The Sharks are delighted to announce the appointment of talented loose-forward Tera Mtembu as captain of the Cell C Sharks for Absa Currie Cup 2014.
Having come through The Sharks Academy ranks, this dedicated, free-spirited and hard-working youngster has always displayed leadership qualities and is a well-liked and respected member of the squad.
These commendable attributes contributed to him being entrusted with the captaincy armband, whenever he was not on senior duty, during this year’s Vodacom Cup campaign.
Former All Black front-rower Eric Anderson has died.
Prop Anderson, who was 83, played 10 matches for the All Blacks on the tour of Australia and South Africa, scoring two tries against Western Australia.
Injured skipper Dave Dennis believes Waratahs’ unity will see them win Super Rugby title.
THE Waratahs must overcome one of the longest losing streaks in professional sport to win their first Super Rugby grand final, but injured skipper Dave Dennis believes his team’s unshakable unity will finally deliver a win and the premiership against the Crusaders on Saturday.
The Tahs have not been beaten the Crusaders in a decade, losing 11 straight games that include their previous two grand finals in 2005 and 2008.
He’s one of the most decorated coaches at the Commonwealth Games, but where did it all begin for New Zealand’s long-time Sevens coach?
“From where he was, from a fancy-free, practical joking, happy go lucky player to where he is now. It’s bloody legendary.”
Forget the All Blacks’ attempt to break the world record for most wins in succession, Wallabies coach Ewen McKenzie plans a record of his own.
McKenzie is eyeing Australia’s all-time record of 10 wins in a row this year, with his side currently sitting on seven successive victories.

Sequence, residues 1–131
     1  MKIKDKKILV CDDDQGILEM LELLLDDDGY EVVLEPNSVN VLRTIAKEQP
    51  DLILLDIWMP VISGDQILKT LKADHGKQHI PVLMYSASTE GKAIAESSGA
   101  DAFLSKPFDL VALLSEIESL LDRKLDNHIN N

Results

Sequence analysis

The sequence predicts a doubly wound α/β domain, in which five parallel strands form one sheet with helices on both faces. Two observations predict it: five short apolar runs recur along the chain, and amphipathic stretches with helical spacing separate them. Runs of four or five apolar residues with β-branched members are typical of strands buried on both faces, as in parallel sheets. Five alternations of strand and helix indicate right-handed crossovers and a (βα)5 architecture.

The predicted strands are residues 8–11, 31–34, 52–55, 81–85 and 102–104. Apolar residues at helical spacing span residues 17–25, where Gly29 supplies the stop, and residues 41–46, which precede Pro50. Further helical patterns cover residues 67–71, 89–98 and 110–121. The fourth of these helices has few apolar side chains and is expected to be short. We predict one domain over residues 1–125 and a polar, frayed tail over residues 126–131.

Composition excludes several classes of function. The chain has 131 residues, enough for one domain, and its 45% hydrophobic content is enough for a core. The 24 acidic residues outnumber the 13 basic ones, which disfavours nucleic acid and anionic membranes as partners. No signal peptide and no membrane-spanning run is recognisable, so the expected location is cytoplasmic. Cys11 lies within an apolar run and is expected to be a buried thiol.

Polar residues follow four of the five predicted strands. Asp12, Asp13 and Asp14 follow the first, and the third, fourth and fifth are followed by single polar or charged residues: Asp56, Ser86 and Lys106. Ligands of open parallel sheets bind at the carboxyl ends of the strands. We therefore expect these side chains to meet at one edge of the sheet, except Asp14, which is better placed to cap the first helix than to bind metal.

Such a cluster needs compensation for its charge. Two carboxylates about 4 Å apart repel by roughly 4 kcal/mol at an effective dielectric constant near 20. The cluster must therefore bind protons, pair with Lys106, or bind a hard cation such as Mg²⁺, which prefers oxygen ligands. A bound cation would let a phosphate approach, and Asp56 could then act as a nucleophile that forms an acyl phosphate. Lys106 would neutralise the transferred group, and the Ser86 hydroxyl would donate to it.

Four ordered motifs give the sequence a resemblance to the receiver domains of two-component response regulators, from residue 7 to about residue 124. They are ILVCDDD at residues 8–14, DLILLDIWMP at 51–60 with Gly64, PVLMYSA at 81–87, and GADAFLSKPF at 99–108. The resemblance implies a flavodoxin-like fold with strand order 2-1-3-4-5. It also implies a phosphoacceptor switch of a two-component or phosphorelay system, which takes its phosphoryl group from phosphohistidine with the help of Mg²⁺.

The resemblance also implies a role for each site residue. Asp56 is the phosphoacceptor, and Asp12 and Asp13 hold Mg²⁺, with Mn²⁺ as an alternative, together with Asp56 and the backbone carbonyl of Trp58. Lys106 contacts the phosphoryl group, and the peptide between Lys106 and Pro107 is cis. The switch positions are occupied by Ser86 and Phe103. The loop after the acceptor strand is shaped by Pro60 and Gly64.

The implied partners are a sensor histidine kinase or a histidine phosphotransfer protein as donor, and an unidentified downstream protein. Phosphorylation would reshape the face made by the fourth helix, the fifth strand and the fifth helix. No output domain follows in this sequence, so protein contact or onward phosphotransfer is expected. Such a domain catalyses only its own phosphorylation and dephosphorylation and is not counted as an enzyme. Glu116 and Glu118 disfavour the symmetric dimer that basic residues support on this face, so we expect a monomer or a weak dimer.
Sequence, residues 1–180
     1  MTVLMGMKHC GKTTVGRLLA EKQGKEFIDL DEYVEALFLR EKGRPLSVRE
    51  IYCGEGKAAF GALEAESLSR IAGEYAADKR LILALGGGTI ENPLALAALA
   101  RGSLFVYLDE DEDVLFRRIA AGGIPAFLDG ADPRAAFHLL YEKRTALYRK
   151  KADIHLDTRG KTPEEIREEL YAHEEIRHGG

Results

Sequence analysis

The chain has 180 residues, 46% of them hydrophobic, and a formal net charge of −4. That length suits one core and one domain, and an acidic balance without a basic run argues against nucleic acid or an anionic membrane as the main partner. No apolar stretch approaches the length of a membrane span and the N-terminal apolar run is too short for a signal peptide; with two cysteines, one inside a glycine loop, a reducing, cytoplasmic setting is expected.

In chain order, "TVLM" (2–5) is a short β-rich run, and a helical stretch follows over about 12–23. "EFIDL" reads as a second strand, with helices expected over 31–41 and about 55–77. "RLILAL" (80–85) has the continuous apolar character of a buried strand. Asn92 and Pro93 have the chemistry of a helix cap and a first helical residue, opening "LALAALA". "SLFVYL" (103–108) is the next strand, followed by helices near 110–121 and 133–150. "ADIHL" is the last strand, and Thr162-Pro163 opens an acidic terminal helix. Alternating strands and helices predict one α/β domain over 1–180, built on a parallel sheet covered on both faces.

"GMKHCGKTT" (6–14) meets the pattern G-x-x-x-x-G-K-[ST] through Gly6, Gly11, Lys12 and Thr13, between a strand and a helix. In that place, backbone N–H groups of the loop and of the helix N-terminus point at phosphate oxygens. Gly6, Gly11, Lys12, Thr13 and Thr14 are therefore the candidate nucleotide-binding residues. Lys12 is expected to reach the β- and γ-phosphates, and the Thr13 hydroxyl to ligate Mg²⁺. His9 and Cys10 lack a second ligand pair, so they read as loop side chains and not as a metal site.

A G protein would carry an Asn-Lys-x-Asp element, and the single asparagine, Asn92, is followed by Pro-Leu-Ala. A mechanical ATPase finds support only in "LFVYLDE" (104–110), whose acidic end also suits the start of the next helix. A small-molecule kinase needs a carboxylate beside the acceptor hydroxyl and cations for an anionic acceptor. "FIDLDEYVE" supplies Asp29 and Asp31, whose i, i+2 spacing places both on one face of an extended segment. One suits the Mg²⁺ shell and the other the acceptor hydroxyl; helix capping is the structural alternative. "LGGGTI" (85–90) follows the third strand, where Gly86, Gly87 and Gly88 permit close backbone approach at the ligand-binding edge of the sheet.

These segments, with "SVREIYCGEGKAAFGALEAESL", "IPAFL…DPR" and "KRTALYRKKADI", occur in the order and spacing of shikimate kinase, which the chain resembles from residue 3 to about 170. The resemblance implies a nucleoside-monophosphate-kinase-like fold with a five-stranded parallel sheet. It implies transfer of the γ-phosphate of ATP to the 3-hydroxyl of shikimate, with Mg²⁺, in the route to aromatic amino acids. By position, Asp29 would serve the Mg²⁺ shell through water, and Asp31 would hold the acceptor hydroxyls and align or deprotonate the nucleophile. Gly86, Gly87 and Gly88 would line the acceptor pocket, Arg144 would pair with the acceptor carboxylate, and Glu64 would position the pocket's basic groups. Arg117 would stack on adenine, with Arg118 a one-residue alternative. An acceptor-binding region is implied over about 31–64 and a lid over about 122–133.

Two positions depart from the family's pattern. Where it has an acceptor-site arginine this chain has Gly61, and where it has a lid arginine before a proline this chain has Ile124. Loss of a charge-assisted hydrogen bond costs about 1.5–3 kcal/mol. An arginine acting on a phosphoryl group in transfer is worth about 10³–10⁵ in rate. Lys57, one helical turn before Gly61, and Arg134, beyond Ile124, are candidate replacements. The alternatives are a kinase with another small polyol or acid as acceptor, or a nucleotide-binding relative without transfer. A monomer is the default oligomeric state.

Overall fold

Most focus leading up to the next month’s opening Bledisloe Cup test between the transtasman rivals will be on New Zealand’s pursuit of 18-straight victories, never achieved by a major test nation.
It’s a place that has been central to the All Blacks’ domination of world rugby, a place where tactics have been spawned, standards set and discipline dished out.
It’s the back seat of the team bus, where seats are filled according to seniority, and positions are treasured.
It’s a ritual that has survived the test of time, though there have been tinkerings along the way, especially to accommodate the demands of the professional era.
Respected Hawke’s Bay rugby administrator Dr Tom Johnson, a former All Blacks trialist, has co-authored Legends In Black, interviewing some of the greats of the Kiwi game to try to unravel some of the secrets of the team’s culture and remarkable success.
They didn’t hold back when he confronted them regarding the seating arrangements on the team bus down the years.
It’S the biggest Down Under derby in 12 years — but is the Waratahs vs Brumbies rivalry the biggest in Australian rugby full stop?
NSW vs Queensland has long been the marquee match-up for Aussie outfits, and with 140 years of tradition to back it up it’s little wonder.
But the battle between the Tahs and their “little brother” from down the road in the ACT might have trumped it in recent times.
Wallaby hooker Stephen Moore has the unique experience of playing the Waratahs both as a Reds player (from 2003-08) and now with the Brumbies.
Way back in 2009, when he had just arrived in Canberra, Moore observed of the Tahs-Brumbies enmity that: “it’s equally as big as the Queensland-NSW rivalry.”
And Wallabies great Stephen Larkham, a Brumbies legend as a player and well on his way to becoming one as a coach, reckons it’s gone even beyond equal status.
In rugby, like most sports, teams and athletes have had a bad playing strip or two. Individual sports that comes to mind is cycling and golf. There have been some truly terrible creations that those athletes have worn, all in the name of sponsorship and moolah.
In rugby, its generally the alternate, or so called away strip, where designers indulge in a bit too much whacky weed before sitting down in front of the drawing boards. For the most part, kits are practical and speak of tradition and history, however, there are times that the Sporting and Designing Gods sincerely fall out and abominations like the ones that appear below.
These choices of ours are by no means exhaustive and is fairly recent in it’s selection, however, if you disagree, let us know and tell us which ones you think should have made the cut.
There’s ccertainly been some strange kit in recent years!